4. How did your Project enhance your personal artistic vision and/or advance your creative goals?
My studio work during the project is a good start for talking about the general developments I had in my artistic vision and goals. I started working knowing that I wanted to work with bowls and blobs. That is, I had long been thinking about making bowls, and I had recently been developing work using the blobbing forms of setting plaster. Not liking the look of the blobs, I soon discarded this idea in favor of a broken texture – using the broken edges of plaster as a contrast to smooth and geometric forms. I worked for a while with this broken texture, painstakingly combining parabolic forms with elements including the broken texture, but it was taking too long and I was losing interest.
I decided to do something I had been meaning to try for a long time – breaking my mold, but continuing to cast in it. In this way I would quickly be able to produce unique objects. The process proved consuming – I was enjoying the puzzle-piece approach with trying to remember how to fit the mold back together after disassembling it into upwards of 60 pieces. However, the objects weren’t interesting to me after I had made them. Sure, they provoked enticing comparisons to topography, they successfully integrated “natural” processes as decoration, but aesthetically I found them lacking. I tried it again on a smaller scale, getting similar results. However, in the smaller iteration I also enclosed the mold within a second mold, and tried another project I had been thinking about for a while – casting pieces of the mold to be displayed as objects. These were much more satisfying than earlier attempts that I had made, more carefully considered as forms. Getting restless once again, I moved onto yet another project I’ve been thinking about for a while – making plates with textures in the center.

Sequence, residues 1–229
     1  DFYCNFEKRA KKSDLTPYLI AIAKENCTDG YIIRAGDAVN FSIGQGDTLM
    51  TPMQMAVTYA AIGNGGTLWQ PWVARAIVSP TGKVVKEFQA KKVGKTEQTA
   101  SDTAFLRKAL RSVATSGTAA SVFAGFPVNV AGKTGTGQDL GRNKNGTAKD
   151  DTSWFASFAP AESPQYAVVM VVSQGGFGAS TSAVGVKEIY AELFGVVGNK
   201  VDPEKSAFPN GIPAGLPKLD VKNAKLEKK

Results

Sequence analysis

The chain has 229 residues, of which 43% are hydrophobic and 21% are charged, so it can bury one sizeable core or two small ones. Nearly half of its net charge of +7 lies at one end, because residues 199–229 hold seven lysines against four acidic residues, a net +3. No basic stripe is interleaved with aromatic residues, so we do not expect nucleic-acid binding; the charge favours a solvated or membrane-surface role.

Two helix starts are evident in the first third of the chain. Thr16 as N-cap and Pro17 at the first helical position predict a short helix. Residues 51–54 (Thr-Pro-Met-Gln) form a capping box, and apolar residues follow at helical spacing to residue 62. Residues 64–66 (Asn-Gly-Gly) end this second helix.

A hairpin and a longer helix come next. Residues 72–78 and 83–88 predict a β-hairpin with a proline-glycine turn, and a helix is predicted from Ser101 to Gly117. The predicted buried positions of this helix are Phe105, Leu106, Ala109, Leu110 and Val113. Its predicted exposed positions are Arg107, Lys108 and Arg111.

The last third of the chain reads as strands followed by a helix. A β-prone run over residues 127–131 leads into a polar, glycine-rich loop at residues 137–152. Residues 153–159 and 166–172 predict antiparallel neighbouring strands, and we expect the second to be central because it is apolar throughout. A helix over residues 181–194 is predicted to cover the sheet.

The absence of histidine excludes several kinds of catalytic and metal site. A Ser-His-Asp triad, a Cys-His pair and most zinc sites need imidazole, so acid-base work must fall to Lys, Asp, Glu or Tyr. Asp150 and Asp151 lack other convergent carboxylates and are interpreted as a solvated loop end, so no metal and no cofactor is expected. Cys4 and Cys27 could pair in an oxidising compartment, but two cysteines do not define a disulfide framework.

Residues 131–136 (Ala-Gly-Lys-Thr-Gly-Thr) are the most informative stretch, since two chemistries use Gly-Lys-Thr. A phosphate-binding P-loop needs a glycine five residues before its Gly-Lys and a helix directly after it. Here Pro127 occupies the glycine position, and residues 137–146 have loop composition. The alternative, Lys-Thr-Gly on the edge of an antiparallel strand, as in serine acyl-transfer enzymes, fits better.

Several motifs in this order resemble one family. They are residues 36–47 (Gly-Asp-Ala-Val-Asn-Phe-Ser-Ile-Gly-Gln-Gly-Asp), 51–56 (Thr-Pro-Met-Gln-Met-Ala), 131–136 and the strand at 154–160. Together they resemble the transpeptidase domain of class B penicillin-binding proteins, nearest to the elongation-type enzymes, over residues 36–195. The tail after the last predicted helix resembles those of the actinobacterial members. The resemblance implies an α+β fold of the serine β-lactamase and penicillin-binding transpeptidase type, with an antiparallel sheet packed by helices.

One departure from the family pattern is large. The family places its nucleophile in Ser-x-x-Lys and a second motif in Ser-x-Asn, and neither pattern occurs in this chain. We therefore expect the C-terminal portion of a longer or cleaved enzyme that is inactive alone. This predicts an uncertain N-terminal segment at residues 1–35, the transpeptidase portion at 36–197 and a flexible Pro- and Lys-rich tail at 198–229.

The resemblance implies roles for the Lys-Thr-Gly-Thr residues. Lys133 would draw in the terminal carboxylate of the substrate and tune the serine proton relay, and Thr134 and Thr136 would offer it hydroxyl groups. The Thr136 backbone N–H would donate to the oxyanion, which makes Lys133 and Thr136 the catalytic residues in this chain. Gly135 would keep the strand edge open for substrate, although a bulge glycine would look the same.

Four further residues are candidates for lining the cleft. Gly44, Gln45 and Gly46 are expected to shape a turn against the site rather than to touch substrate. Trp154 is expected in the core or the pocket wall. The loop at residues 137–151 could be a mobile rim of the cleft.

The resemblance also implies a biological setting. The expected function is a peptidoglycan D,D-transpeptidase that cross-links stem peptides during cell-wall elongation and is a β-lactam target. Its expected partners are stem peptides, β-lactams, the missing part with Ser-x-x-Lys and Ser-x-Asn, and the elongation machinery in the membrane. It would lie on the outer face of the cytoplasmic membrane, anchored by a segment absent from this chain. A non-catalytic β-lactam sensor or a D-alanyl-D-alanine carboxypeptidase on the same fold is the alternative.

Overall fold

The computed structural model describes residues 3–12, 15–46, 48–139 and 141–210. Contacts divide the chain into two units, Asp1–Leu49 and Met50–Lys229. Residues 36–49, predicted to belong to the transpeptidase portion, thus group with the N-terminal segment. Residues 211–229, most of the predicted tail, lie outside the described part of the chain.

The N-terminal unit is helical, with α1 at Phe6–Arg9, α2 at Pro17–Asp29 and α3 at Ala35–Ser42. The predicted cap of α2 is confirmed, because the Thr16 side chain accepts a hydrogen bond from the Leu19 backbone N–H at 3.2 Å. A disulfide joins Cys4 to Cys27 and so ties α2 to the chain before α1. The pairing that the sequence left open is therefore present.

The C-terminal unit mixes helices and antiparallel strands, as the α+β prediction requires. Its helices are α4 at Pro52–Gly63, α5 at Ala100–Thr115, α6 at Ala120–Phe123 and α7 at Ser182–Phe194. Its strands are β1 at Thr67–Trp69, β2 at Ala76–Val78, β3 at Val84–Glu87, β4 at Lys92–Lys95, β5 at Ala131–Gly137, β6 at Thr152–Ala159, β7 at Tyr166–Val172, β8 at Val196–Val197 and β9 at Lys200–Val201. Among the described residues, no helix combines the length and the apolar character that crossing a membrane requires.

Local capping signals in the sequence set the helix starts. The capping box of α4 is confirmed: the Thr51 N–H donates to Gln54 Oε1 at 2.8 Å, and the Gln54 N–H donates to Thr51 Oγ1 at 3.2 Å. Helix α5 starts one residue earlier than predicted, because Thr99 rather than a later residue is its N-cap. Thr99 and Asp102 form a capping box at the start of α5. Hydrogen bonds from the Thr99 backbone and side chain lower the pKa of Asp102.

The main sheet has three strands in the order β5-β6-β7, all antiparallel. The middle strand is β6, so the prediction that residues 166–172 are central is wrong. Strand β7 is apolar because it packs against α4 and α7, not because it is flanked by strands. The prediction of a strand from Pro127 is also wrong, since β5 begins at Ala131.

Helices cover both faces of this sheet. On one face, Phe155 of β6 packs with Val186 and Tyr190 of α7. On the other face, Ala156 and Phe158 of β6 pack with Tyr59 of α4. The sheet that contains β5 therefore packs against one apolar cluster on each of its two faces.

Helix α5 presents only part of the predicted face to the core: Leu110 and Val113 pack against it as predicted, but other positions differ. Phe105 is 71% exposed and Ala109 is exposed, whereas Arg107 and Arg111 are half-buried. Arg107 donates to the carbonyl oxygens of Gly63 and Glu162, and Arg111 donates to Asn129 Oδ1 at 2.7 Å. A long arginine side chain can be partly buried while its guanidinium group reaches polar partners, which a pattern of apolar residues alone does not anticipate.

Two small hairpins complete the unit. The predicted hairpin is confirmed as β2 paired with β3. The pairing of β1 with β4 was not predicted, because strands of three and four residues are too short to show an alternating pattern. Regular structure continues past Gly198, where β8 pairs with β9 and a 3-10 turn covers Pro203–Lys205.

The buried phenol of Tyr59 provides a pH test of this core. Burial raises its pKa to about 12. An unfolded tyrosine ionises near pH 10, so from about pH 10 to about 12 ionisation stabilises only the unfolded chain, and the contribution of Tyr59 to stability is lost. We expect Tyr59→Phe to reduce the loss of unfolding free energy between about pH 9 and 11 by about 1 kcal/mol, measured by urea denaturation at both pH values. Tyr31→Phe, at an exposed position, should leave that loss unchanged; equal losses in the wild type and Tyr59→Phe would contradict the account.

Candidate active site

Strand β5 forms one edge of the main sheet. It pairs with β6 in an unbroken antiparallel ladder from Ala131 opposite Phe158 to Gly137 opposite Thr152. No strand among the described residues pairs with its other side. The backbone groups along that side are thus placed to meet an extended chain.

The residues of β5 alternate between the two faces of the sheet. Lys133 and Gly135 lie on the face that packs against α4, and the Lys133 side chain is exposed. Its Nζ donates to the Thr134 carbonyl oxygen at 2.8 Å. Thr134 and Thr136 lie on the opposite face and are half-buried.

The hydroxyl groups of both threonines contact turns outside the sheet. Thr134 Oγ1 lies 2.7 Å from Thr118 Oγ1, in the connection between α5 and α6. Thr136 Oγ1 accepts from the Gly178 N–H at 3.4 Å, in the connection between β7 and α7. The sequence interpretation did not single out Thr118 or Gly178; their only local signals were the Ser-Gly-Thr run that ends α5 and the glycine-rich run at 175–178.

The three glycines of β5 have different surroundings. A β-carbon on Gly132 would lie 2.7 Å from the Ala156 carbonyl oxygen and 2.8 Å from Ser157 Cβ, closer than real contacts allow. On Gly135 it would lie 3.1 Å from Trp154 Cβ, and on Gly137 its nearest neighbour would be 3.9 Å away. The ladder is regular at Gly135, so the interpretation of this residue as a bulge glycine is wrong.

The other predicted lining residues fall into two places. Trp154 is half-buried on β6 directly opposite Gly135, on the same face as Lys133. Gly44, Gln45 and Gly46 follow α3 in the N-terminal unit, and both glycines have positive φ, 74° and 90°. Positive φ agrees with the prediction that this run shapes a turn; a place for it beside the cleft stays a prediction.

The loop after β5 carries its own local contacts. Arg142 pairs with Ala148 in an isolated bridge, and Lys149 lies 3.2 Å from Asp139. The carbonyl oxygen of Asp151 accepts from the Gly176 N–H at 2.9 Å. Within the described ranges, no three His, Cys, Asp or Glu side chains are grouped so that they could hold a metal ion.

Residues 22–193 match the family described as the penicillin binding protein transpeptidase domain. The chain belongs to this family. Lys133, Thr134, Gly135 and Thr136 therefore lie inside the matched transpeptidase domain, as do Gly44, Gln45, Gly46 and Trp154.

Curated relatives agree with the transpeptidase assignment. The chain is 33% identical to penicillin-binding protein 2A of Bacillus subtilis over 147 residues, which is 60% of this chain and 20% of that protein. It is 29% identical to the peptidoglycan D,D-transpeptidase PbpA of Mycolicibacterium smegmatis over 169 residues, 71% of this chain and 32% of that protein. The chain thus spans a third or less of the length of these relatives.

In general there were a few things I learned about myself. One, I am endlessly restless and all over the place. It takes a great effort for me to do more than 3 versions of any single idea. I managed to extend this up to 5 or six in some cases, but it was a challenge to stay interested. Two, I found that utilitarian function is not important to me. It doesn’t bother me to make things that can’t or won’t be used, but I still do like the connection of making something that people are familiar with and thus willing to touch. Despite this, I found that I was touching my pieces less, and accordingly less interested in having a viewer touch them.
Learning more about the plight of Danish ceramic designers, I found myself becoming less and less interested in making identical objects of design as much as unique objects for observation. After considering several options for displaying my work in the exhibition, I also came to the conclusion that I want to control how the viewer sees the objects I make. Accordingly, I executed a particular installation of my objects rather than simply placing them on a pedestal.
Part of the allure of the plate/discs I spent the last two weeks working on was that they were so easy – after making the plaster positives and negatives, I only had to roll out a thin slab of clay to impress into the surface and I quickly had a naturalistic, unique-looking object. It was somewhat paradoxical to me then to spend much more time on presentation. I built a light box (with much help from Richard Saaby, one of the technicians), wired in light sockets, cut metal rods with a groove so that glass could be slid between them, mounted the discs onto glass… this single piece took the better part of 3 days. But I was really happy with the result. So what then? What have I learned about myself and my work?
I figured out that I don’t want an education in design. That’s not where I see my work going or I see myself wanting to work. I’m much more interested in constantly investigating new ideas and working directly with the material. Fortunately, the day the program ended I was informed that I’ve been accepted to the MFA program at Alfred, an opportunity which promises a fertile environment for working over the next two years.